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From One Who Stays - Amy Lowell


How empty seems the town now you are gone!

A wilderness of sad streets, where gaunt walls

Hide nothing to desire; sunshine falls

Eery, distorted, as it long had shone

On white, dead faces tombed in halls of stone.

The whir of motors, stricken through with calls

Of playing boys, floats up at intervals;

But all these noises blur to one long moan.

What quest is worth pursuing? And how STRANGE

That other men still go accustomed ways!

I hate their interest in the things they do.

A spectre-horde repeating without change

An old routine. Alone I know the days

Are still-born, and the world stopped, lacking you.

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Astrophil and Stella 30 - Sir Philip Sidney


With how sad steps, O moon, thou climb’st the skies!

How silently, and with how wan a face!

What! may it be that even in heavenly place

That busy archer his sharp arrows tries?

Sure, if that long-with-love-acquainted eyes

Can judge of love, thou feel’st a lover’s case:

I read it in thy looks; thy languished grace

To me, that feel the like, thy state descries.

Then, even of fellowship, O Moon, tell me,

Is constant love deemed there but want of wit?

Are beauties there as proud as here they be?

Do they above love to be loved, and yet

    Those lovers scorn whom that love doth possess?

    Do they call ‘virtue’ there—ungratefulness?

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The Secret - John Clare


I loved thee, though I told thee not,

Right earlily and long,

Thou wert my joy in every spot,

My theme in every song.


And when I saw a stranger face

Where beauty held the claim,

I gave it like a secret GRACE

The being of thy name.


And all the charms of face or voice

Which I in others see

Are but the recollected choice

Of what I felt for thee.

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Let Beauty awake - Robert Louis Stevenson


Let Beauty awake in the morn from beautiful dreams,

Beauty awake from rest!

Let Beauty awake

For Beauty's sake

In the hour when the birds awake in the brake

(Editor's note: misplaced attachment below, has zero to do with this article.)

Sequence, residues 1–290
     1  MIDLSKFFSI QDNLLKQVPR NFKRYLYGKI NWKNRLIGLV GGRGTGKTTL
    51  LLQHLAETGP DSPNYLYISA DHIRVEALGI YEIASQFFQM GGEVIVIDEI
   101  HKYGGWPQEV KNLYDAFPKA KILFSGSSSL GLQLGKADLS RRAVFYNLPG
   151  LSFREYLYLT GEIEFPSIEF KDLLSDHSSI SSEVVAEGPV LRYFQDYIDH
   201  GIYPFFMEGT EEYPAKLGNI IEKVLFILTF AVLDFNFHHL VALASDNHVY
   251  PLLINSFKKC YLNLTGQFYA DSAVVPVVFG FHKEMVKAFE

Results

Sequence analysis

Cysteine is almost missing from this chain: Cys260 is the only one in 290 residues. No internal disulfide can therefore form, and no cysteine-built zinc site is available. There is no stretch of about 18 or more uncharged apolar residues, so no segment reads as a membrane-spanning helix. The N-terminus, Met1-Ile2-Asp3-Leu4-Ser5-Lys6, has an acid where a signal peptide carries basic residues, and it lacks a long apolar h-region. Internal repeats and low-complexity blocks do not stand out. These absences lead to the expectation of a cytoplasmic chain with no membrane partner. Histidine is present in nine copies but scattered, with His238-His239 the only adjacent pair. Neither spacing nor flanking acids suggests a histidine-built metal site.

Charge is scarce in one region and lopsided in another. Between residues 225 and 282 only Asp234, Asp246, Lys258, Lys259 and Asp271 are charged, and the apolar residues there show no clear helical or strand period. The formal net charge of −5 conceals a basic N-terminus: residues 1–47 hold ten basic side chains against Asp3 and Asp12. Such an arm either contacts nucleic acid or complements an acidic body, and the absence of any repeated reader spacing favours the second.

And the stars are bright in the west!


Let Beauty awake in the eve from the slumber of day,

Awake in the crimson eve!

In the day's dusk end

When the shades ascend,

Let her wake to the kiss of a tender friend

To render again and receive!


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The Bustle In a House - Emily Dickinson


The bustle in a house

The morning after death

Is solemnest of industries

Enacted upon earth, --


The sweeping up the heart,

And putting love away

We shall not want to use AGAIN

Until eternity.

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Alfred Lord Tennyson, Tithonus


The woods decay, the woods decay and fall,
The vapours weep their burthen to the ground,
Man comes and tills the field and lies beneath,
And after many a summer dies the swan.
Me only cruel immortality
Consumes: I wither slowly in thine arms,
Here at the quiet limit of the world,
A white-hair'd shadow roaming like a dream
The ever-silent spaces of the East,
Far-folded mists, and gleaming halls of morn.



A soft air fans the cloud apart; there comes

A glimpse of that dark world where I was born.
Once more the old mysterious glimmer steals
From thy pure brows, and from thy shoulders pure,
And bosom beating with a heart renew'd.
Thy cheek begins to redden thro' the gloom,
Thy sweet eyes brighten slowly close to mine,
Ere yet they blind the stars, and the wild team
Which love thee, yearning for thy yoke, arise,
And shake the darkness from their loosen'd manes,
And beat the twilight into flakes of fire.


         Lo! ever thus thou growest beautiful
In silence, then before thine answer given
Departest, and thy tears are on my cheek.


         Why wilt thou ever scare me with thy tears,
And make me tremble lest a saying learnt,
In days far-off, on that dark EARTH be true?
'The Gods themselves cannot recall their gifts.'



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America - Claude McKay


Although she feeds me bread of bitterness,

And sinks into my throat her tiger's tooth,

Stealing my breath of life, I will confess

I love this cultured hell that tests my youth!

Her vigor flows like tides into my blood,

Giving me strength erect against her hate.

Her bigness sweeps my being like a flood.

Yet as a rebel fronts a king in state,

I stand within her walls with not a shred

Of terror, malice, not a word of jeer.

Darkly I gaze into the DAYS ahead,

And see her might and granite wonders there,